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Neural networks are worth surveying as part of the extended data mining and modeling toolkit. Of particular interest is the comparison of more traditional tools like regression analysis to neural networks as applied to empirical model-building.
A cable company uses logistic regression to determine the variables most predictive of a "truck roll" (technician visit to customer's home) within seven days of a new installation.
quick and easy-to-remember way for Lean Six Sigma practitioners to get the most benefit from simple linear regression analysis is with a simple check-up method. The method borrows and adapts the familiar concept found in the 5S tool.
Applying regression requires special attention from the analyst. Each process step needs to be carefully examined and executed; a small mistake may lead to an erroneous model. This article describes some common mistakes made in regression and their corresponding remedies.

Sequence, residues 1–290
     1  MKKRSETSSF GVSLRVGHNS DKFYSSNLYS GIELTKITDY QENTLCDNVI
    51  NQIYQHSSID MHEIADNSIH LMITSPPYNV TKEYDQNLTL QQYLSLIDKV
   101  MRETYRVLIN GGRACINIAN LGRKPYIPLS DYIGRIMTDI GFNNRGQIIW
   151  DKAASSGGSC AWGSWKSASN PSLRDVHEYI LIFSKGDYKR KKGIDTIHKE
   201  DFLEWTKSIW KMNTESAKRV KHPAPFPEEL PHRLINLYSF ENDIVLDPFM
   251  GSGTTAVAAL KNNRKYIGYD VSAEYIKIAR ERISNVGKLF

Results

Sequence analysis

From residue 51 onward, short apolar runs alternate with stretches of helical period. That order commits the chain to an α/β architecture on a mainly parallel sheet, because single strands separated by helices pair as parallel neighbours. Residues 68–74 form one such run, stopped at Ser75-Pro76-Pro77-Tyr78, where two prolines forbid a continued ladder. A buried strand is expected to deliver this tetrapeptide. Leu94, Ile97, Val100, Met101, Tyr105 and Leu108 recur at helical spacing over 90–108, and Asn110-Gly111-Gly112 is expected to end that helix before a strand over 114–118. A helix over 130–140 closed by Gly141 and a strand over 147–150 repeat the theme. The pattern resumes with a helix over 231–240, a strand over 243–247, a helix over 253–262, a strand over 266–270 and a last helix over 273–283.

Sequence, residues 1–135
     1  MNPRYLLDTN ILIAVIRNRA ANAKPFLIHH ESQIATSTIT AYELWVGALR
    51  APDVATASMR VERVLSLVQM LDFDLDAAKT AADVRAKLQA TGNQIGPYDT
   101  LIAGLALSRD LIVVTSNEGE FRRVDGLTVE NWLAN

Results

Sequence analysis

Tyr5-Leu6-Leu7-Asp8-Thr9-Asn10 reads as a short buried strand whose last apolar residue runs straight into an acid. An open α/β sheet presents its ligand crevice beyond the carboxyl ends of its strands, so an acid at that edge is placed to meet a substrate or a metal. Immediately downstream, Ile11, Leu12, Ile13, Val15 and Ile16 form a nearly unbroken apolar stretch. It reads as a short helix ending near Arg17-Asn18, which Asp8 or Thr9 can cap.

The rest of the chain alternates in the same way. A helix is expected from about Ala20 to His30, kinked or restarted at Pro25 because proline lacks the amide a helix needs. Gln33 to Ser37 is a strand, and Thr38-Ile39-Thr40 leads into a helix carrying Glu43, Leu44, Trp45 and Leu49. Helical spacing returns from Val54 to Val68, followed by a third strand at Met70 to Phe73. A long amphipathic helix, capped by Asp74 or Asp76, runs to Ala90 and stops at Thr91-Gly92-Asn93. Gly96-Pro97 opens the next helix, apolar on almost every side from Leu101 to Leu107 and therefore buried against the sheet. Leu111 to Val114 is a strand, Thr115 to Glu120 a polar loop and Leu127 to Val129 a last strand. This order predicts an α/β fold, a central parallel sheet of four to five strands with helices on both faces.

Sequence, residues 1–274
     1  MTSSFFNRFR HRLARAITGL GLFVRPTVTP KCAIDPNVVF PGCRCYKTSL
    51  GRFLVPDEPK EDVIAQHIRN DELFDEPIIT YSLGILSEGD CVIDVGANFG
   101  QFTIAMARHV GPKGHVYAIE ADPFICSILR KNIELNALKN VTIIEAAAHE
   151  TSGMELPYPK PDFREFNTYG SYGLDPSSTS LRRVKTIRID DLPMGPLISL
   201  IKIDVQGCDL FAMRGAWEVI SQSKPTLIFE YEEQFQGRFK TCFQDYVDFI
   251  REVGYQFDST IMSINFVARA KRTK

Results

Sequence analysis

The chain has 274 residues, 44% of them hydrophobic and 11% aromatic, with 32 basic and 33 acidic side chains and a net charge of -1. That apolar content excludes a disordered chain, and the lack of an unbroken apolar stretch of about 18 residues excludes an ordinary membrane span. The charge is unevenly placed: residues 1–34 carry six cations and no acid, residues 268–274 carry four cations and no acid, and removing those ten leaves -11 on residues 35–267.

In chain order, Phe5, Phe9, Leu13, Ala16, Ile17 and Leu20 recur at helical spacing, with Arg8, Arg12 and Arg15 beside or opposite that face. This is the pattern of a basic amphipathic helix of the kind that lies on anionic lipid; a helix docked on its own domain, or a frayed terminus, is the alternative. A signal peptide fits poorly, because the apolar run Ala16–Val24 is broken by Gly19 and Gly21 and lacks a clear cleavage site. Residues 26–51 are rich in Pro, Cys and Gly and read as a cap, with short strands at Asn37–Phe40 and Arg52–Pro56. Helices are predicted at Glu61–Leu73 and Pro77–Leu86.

Linear regression is often considered difficult or confusing by those practitioners just beginning to delve into the Six Sigma toolkit. Making sense of it starts at a basic level.
Sometimes Six Sigma practitioners find a Y that is discrete and Xs that are continuous. How then can a regression equation be developed? The correct technique is something called logistic regression, but this tool is often not well understood.
An organization had a limited capital budget but needed to ensure its product was safely delivered in its own packaging. The organization used poka-yoke and realistic tolerancing to control its process improvements.
While Black Belts often make use of R-Squared in regression models, many ignore or are unaware of its function in ANOVA models or GLMs. Input variables may then be overvalued, which may not lead to a significant improvement in the Y.